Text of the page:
|M.Sc Student||Keisar Or|
|Subject||Surface Stress Study of Oxides Electro-Catalysis during|
ORR in Metal-Air Battery Cathodes
|Department||Department of Energy||Supervisors||PROF. Yair Ein-Eli|
|DR. Yair Cohen|
The electro-catalysts for oxygen reduction reaction (ORR) on air-cathodes have a decisive impact on metal-air batteries and fuel cells performance. Manganese-oxides (MnOx) are particularly interesting as non-precious electro-catalysts candidates. In this study I report on the combination of in-situ electrochemical surface stress (ESS) analysis, alongside resonance frequency shift measurements preformed with the use of electrochemical quartz crystal microbalance (EQCM). The surface stress analysis is used to probe changes in the surface stress on the electrocatalyst-electrolyte interface, while the frequency shift measurement is used to track mass changes on the electrocatalyst film. The conjugation of the two techniques provides a comprehensive description of both the microscopic and macroscopic processes occurring on the surface of the electrocatalyst.
The electrochemical surface stress as well as the resonance frequency shift were measured on an Au/MnOx electrode in both de-oxygenated and O2 saturated alkaline electrolytes. A complex stress response was measured during the electrochemical scan, caused by various crystal structure transitions and surface reconstruction processes. It was found that the presence of oxygen resulted in a less compressive stress response during the ORR. In addition, an overall tensile trend was recorded during multiple cycling, explaining the poor mechanical stability of the MnOx film.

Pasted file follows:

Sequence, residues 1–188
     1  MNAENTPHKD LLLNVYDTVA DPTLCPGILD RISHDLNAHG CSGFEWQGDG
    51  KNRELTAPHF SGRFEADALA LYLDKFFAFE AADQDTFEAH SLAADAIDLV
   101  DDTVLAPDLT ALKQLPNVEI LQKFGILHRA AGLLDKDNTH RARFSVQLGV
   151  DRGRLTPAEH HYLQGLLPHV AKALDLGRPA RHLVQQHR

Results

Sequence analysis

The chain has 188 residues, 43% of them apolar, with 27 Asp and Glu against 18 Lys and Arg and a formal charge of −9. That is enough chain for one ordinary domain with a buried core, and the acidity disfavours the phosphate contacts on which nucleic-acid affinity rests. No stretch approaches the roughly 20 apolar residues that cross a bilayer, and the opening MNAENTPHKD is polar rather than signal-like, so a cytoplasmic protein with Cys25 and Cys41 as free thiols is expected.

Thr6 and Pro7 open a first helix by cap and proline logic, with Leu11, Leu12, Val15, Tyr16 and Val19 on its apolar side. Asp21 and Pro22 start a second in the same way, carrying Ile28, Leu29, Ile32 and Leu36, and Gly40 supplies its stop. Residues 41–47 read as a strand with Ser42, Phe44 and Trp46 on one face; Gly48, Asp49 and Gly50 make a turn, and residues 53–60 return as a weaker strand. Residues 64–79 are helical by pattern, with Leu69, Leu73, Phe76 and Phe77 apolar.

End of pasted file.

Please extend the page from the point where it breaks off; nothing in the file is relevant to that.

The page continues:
The results obtained with the use of frequency shift measurements (EQCM) are in good agreement with the interpretations of the data originated from the surface stress response. It was found that the structural changes identified by the surface stress led to the insertion and release of water molecules into and out of the manganese-oxide film. These findings are used to further explain the mechanical failure of the electrocatalyst film subsequent to multiple charge/discharge cycles, hence revealing an additional valuable information on the poor mechanical stability of the manganese-oxide film. Moreover, the presence of oxygen in the electrolyte resulted in mass changes, being qualitatively similar to those recorded in de-oxygenated electrolyte, albeit with different intensities during the ORR, further validating the proposed catalytic mechanism. These findings have major implications on the applicability of MnOx as catalyst.